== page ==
The Green Mountain Railroad, which provided access to the hotel, was a 2-car cog railroad from the shores of Eagle Lake to the Summit of Cadillac mountain - a distance of 6,300 feet that gained 1,258 feet in elevation. Passengers enjoyed breathtaking views while ascending at the stately pace of two miles per hour. The single car held eight wooden benches capable of holding roughly 50 passengers. The Green Mountain House and The Green Mountain Railway shut down in 1890. The trains, tracks, and cars were old to the New Hampshire White Mountain Railroad.
Acadia National Park
Mount Desert Island, so named because of its many bald rocky mountaintops, has been a tourist destination since the mid-19th century, when it was discovered by outsiders, artists, journalists, Hudson River School artists, and other patrons, known collectively as the 'Rusticators.' Undaunted by crude accommodations and simple food, they sought out local fishermen and farmers for accommodation and guidance. Summer after summer, the rusticators returned to renew friendships with local islanders and, most of all, to savor the fresh salt air, scenery, and relaxed pace. Soon the villagers' cottages and fishermen's huts filled to overflowing, and by 1880, 30 hotels competed for vacationers' dollars. Tourism was becoming the island's primary industry. Drawing the attention of the wealthy and influential, the island was designated as Sieur de Monts National Monument by President Woodrow Wilson in July 1916. In February 1919, the area's status was officially changed from a National Monument to National Park, making it the first National Park east of the Mississippi River. With the change to a National Park came a name change, to Lafayette National Park. It was not until January 1929 that the park was given its current name, Acadia National Park. Acadia is unlike most other National Parks as its creation was encouraged by numerous private individuals. One, John. D. Rockefeller, purchased a summer home in Bass Harbor in 1910. Rockefeller began buying up land on the island with the goal of creating a system of carriage roads to make 'one of the greatest views in the world' accessible to all visitors.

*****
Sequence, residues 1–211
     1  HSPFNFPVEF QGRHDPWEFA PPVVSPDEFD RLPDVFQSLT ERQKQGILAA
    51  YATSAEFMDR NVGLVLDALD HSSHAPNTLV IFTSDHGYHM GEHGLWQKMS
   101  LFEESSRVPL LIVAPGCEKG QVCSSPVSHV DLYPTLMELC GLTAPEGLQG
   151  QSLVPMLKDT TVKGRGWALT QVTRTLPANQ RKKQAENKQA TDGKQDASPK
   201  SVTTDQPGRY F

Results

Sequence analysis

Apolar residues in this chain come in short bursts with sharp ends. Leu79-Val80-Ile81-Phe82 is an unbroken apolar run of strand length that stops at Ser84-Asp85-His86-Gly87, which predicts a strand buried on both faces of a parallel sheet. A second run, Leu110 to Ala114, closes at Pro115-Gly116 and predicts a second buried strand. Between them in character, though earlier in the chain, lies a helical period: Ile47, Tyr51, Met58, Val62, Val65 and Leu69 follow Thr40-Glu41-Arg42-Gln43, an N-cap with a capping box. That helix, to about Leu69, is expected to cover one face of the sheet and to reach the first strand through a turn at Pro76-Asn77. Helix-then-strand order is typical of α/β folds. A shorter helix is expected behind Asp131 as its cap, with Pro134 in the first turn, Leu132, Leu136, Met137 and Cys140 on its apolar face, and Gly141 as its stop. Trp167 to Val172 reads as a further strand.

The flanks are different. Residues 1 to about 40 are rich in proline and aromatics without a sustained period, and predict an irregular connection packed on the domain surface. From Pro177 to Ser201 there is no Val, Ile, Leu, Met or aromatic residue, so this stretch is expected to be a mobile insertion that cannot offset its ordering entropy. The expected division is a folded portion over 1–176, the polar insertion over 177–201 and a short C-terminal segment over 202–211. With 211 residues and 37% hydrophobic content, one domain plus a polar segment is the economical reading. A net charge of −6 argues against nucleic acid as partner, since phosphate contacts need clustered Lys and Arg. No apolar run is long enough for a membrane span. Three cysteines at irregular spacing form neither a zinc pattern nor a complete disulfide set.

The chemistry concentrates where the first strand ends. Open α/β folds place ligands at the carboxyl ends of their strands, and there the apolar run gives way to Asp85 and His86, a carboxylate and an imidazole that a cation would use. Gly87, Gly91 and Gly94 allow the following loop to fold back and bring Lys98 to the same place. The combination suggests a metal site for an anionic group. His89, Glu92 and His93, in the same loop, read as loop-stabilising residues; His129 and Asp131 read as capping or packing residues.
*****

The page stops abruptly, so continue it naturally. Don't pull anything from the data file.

Publication History and Census
This view was drawn by George W. Morris of Portland and published in Boston in Boston by the lithographic firm of George W. Walker. This view rare with but six examples known. These are held at the Library of Congress, the University of Pennsylvania, the Bar Harbor Historical Society, and elsewhere. This is a once-in-a-lifetime opportunity.
George W. Morris (March 1853 - 1929) was a Portland, Maine, based publisher, lithographer, and photographer. He published books and postcards highlighting the beauty of northern New England. Morris was born in New York, but by the 1870s had relocated to Bangor, Maine. In the 1880s, he move to Portland, where he spent the remainder of his life, building a booming postcard, bird's-eye view, map, and novelty publishing business. He initially began printing color postcards in Germany, where chromolithographic printing was more developed, but by the late 19th century, began printing domestically. He is credited with issuing some of the first chromolithograph postcards in the United States. By 1920, he owned a small business specializing in toys. He married Tressie Lee Wellman (1856 - 1922) in 1883. Learn More...
George H. Walker (January 4, 1852 - 19??) was a Boston based publisher of books, views, and maps active in the late 19th and early 20th centuries. Walker started his life as a dry goods merchant but developed an active interest in publishing during the early 1870s. Walker began publishing in 1878 when he partnered with an unknown New York Firm. Two years later, Walker brought the operation in house by partnering with his brother , Oscar W. Walker, in the opening of a lithography studio at 81 Milk Street, Boston. Shortly thereafter the firm expanded to new offices at 160 Tremont Street, Boston. The Walker brothers produced a large corpus of works, most of which focused on travel and tourism in New England. Walker also established the Walker-Gordon Milk Laboratory. This interesting investment was based on the premise that infant deaths could be avoided by providing higher quality milk. The company eventually became a great success, producing a high quality cow milk that closely resembled human breast milk. In the process the Walker-Gordon laboratory developed many of the dairy health standards that are still with us today. Learn More...
Very good. Minor repair upper right corner, confined to margin. Old library deaccession stamp lower right margin.
OCLC 5447748. Reps, John, Views and Viewmakers of Urban America (University of Missouri, Columbia, 1984), #1180.